“In Buying Time, McDow argues for a transnational western Indian Ocean network of credit and debt that linked both coastal and interior Oman to Zanzibar and the continental African interior in the long nineteenth century. With remarkable, previously ignored Arabic legal documents at its heart, McDow’s analysis is notably innovative in the way it links environmental factors, debt, and mobility.”
Edward A. Alpers, author of The Indian Ocean in World History
“If scholars have long known in a general way that Oman and East Africa were connected, McDow traces out many of the specific and unexpected ways in which they were, in the stories and actions of specific persons. This is new territory.”
Pier M. Larson, author of Ocean of Letters: Language and Creolization in an Indian Ocean Diaspora
“This is a brilliant, readable study…[McDow] demonstrates effectively that seas connect traders and peoples rather than divide them.…Summing up: Highly recommended.”
B. Weinstein, CHOICE
McDow’s stimulating elaboration of the Omanis’ alternative understanding of space as composed of reliable obligations to and from others, at whatever geographical distance, reveals a western Indian Ocean world in motion, greatly enabled by its regular seasonally alternating monsoon winds…. McDow delivers provocatively on his initial promise of depicting ‘a historical process rooted in Islamic finance and adapted to a burgeoning global commodity trade’.
Journal of World History
In Buying Time, Thomas F. McDow synthesizes Indian Ocean, Middle Eastern, and East African studies as well as economic and social history to explain how, in the nineteenth century, credit, mobility, and kinship knit together a vast interconnected Indian Ocean region. That vibrant and enormously influential swath extended from the desert fringes of Arabia to Zanzibar and the Swahili coast and on to the Congo River watershed.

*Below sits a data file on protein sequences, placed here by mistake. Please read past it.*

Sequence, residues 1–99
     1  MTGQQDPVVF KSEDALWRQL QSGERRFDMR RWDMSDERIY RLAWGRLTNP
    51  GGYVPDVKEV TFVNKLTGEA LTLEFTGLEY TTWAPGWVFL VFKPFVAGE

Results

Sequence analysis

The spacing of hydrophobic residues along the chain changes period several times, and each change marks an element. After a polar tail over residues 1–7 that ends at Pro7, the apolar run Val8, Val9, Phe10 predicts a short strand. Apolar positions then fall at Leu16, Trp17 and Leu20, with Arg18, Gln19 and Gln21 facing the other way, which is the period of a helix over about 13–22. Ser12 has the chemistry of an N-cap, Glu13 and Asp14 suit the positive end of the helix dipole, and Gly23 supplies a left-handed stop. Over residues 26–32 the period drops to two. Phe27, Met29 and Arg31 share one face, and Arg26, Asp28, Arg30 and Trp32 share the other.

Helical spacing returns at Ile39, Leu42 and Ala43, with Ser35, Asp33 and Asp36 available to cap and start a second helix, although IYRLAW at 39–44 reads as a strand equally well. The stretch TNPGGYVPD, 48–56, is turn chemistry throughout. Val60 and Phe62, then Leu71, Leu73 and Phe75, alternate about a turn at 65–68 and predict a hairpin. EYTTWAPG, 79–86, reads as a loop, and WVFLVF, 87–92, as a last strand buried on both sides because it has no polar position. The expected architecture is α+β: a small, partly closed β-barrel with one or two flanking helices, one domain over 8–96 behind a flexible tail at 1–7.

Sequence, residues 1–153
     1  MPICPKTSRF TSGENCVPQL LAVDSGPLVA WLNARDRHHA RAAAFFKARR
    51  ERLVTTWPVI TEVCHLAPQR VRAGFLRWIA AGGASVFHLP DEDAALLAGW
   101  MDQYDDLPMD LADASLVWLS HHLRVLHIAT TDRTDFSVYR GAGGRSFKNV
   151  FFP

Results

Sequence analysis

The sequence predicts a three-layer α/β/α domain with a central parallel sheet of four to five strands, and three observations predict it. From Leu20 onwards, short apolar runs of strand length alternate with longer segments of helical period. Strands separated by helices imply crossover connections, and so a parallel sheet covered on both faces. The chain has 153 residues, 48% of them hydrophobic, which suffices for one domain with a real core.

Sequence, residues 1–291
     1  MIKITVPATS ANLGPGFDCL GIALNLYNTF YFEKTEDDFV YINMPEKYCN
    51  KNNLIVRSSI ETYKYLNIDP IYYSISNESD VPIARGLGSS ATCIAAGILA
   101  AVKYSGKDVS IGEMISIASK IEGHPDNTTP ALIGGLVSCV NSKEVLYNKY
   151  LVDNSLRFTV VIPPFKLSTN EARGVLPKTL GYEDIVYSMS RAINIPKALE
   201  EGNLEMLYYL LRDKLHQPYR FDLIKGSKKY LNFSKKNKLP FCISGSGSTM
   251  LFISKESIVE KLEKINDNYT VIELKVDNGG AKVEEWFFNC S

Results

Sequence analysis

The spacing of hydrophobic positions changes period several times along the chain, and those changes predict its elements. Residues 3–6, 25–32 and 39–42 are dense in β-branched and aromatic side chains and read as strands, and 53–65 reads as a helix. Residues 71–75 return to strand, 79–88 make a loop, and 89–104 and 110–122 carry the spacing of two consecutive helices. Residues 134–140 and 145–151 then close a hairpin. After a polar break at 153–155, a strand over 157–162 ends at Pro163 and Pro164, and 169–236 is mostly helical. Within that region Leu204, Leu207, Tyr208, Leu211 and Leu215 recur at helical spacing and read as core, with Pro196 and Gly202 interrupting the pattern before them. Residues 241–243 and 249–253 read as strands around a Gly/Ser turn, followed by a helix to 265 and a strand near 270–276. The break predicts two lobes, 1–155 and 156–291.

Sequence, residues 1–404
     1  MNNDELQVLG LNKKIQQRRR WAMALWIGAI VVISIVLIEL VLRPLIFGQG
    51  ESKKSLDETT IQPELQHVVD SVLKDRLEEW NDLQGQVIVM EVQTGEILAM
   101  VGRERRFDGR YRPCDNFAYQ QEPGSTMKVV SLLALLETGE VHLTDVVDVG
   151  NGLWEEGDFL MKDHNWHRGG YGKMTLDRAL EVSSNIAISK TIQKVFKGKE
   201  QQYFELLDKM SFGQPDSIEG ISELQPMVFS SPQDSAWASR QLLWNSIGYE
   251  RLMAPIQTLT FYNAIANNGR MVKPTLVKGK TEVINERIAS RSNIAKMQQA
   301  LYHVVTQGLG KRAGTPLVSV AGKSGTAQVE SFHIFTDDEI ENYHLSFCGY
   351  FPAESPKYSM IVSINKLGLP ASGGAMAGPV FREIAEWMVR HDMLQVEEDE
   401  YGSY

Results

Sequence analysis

In the half century before European colonization, Africans and Arabs from coasts and hinterlands used newfound sources of credit to seek out opportunities, establish new outposts in distant places, and maintain families in a rapidly changing economy. They used temporizing strategies to escape drought in Oman, join ivory caravans in the African interior, and build new settlements.
The key to McDow’s analysis is a previously unstudied trove of Arabic business deeds that show complex variations on the financial transactions that underwrote the trade economy across the region. The documents list names, genealogies, statuses, and clan names of a wide variety of people—Africans, Indians, and Arabs; men and women; free and slave—who bought, sold, and mortgaged property. Through unprecedented use of these sources, McDow moves the historical analysis of the Indian Ocean beyond connected port cities to reveal the roles of previously invisible people.
Thomas F. McDow is an assistant professor of history at Ohio State University. He teaches courses on the history of Africa, the Indian Ocean, and the world. More info →
Save 20% ($27.96)
Save 20% ($64)
US and Canada only
Availability and price vary according to vendor.
Permission to reprint
Permission to photocopy or include in a course pack via Copyright Clearance Center
Between 1600 and 1800, the promise of fresh food attracted more than seven hundred English, French, and Dutch vessels to Madagascar. Throughout this period, European ships spent months at sea in the Atlantic and Indian Oceans, but until now scholars have not fully examined how crews were fed during these long voyages. Without sustenance from Madagascar, European traders would have struggled to transport silver to Asia and spices back to Europe.
Between 1500 and 1850, European traders shipped hundreds of thousands of African, Indian, Malagasy, and Southeast Asian slaves to ports throughout the Indian Ocean world. The activities of the British, Dutch, French, and Portuguese traders who operated in the Indian Ocean demonstrate that European slave trading was not confined largely to the Atlantic but must now be viewed as a truly global phenomenon.
Swahili was once an obscure dialect of an East African Bantu language. Today more than one hundred million people use it: Swahili is to eastern and central Africa what English is to the world. From its embrace in the 1960s by the black freedom movement in the United States to its adoption in 2004 as the African Union’s official language, Swahili has become a truly international language.
The rise of Zanzibar was based on two major economic transformations. Firstly slaves became used for producing cloves and grains for export. Previously the slaves themselves were exported. Secondly, there was an increased international demand for luxuries such as ivory. At the same time the price of imported manufactured gods was falling. Zanzibar took advantage of its strategic position to trade as far as the Great Lakes.